Journal Article

Statin use after renal transplantation: a systematic quality review of trial-based evidence

Krista L. Lentine and Daniel C. Brennan

in Nephrology Dialysis Transplantation

Published on behalf of European Renal Association - European Dialysis and Transplant Assoc

Volume 19, issue 9, pages 2378-2386
Published in print September 2004 | ISSN: 0931-0509
Published online July 2004 | e-ISSN: 1460-2385 | DOI: http://dx.doi.org/10.1093/ndt/gfh385
Statin use after renal transplantation: a systematic quality review of trial-based evidence

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Background and Objectives. HMG-CoA reductase inhibitor (statin) therapy reduces cardiovascular risk in the general population and may modulate rejection in solid organ transplant recipients. We assessed whether current clinical evidence supports the use of statins to improve cardiac and/or renal outcomes after kidney transplantation.

Methods. We performed a systematic review of randomized, controlled intervention trials of statins among renal allograft recipients. Clinical trials published between January 1, 1993 and January 1, 2004 were identified by systematic search of electronic databases. Eligible studies measured the impact of therapy on acute allograft rejection, surrogates of cardiovascular risk and/or cardiovascular morbidity and mortality. We abstracted descriptive summaries of trial design elements and primary effect estimates, and assessed trial quality with a standardized quality evaluation tool.

Results. Thirteen eligible trials were identified. Statin therapy was associated with less acute allograft rejection in two early studies but was ineffective in three subsequent, larger trials. Therapeutic benefit was also seen in six of seven small studies that evaluated cardiovascular risk surrogates. Statin use did not significantly alter the primary composite outcome in a single large cardiac events trial, but was associated with reductions in secondary end-points of cardiac death analysed alone or with myocardial infarction. Important design distinctions included statin preparation and dose, concomitant interventions, study power and randomization methods. Median total quality scores were 52 for the rejection trials, 41 for the studies of cardiovascular risk surrogates and 69 for the cardiac events trial, and showed a trend towards variation by outcome measure (P = 0.05).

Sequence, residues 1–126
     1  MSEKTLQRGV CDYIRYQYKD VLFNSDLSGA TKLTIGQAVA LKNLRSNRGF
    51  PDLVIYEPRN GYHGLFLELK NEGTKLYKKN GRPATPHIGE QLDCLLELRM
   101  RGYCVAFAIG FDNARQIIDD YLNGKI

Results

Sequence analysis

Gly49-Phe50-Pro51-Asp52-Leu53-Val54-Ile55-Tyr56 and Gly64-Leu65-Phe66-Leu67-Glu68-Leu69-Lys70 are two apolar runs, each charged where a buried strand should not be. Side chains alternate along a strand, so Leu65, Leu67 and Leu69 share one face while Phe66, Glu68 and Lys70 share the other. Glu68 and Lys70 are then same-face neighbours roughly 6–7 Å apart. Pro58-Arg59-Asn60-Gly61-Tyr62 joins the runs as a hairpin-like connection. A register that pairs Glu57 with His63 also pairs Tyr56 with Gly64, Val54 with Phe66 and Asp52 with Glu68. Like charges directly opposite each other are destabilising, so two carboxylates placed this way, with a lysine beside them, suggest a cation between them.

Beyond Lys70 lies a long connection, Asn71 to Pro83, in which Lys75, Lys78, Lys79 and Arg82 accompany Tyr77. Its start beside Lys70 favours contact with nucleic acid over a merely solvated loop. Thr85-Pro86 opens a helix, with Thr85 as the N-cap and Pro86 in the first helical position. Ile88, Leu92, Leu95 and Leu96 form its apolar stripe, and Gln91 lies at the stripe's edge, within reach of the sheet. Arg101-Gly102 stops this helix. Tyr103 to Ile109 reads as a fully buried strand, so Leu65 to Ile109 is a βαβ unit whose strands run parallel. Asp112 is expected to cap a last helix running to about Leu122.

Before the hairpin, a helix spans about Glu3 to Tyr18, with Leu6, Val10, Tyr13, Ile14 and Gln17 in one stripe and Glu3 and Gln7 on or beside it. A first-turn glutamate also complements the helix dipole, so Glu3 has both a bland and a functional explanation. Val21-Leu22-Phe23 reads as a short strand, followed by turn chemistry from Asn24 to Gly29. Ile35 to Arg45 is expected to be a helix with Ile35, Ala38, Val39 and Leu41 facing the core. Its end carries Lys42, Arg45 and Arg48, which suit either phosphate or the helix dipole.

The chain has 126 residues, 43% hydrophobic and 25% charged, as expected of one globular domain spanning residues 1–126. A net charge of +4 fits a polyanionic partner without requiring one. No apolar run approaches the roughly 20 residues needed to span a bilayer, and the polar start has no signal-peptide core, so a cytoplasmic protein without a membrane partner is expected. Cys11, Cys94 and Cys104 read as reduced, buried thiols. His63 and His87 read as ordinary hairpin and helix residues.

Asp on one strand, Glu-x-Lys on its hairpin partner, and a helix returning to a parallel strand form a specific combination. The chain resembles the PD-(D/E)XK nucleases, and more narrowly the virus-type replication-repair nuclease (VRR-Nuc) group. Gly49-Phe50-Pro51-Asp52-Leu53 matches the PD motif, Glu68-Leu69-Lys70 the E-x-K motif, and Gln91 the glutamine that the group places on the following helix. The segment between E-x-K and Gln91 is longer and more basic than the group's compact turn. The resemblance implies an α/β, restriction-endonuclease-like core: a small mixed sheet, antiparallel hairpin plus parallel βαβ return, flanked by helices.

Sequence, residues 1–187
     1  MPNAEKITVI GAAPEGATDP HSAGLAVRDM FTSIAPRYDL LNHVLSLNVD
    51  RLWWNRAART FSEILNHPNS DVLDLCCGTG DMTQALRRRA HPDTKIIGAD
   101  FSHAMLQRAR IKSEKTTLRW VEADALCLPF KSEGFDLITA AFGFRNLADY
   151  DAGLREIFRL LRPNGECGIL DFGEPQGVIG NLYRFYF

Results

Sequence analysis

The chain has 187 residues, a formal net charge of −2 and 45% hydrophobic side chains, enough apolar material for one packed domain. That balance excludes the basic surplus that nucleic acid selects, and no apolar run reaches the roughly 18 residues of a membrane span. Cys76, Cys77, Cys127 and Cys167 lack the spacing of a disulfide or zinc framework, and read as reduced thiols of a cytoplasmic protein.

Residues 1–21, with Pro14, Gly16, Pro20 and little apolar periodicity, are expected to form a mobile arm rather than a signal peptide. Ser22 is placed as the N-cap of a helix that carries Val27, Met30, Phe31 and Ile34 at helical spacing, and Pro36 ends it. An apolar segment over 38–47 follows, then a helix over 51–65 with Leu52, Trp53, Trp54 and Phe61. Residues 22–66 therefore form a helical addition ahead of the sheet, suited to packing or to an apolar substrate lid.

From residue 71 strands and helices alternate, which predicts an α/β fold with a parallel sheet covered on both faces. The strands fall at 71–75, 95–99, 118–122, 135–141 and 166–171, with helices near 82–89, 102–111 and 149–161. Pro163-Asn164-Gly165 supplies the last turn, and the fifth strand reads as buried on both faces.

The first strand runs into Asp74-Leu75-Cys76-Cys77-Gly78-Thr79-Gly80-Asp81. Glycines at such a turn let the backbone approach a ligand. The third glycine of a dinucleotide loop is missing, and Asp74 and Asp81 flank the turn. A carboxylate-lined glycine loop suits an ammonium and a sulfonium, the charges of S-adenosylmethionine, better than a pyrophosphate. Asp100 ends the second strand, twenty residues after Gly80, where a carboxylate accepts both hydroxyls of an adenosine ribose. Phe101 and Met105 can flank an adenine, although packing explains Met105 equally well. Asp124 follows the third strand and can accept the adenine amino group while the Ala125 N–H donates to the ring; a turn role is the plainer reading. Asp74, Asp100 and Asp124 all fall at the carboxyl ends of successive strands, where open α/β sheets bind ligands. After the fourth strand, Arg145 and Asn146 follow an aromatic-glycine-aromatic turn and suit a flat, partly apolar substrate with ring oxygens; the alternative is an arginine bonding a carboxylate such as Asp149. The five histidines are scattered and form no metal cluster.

Conclusions. Heterogeneous study designs and method ological quality contribute to discrepant conclusions on the benefit of statin therapy to renal allograft recipients. Trial-based clinical evidence does not support the use of statins to lower acute rejection risk after kidney transplantation, but does indicate effectiveness for improvement in cardiovascular risk markers and possibly for reduction of clinical cardiac events.

Keywords: HMG-CoA reductase inhibitors; kidney transplantation; quality evaluation; randomized clinical trials; statins

Journal Article.  5701 words. 

Subjects: Nephrology

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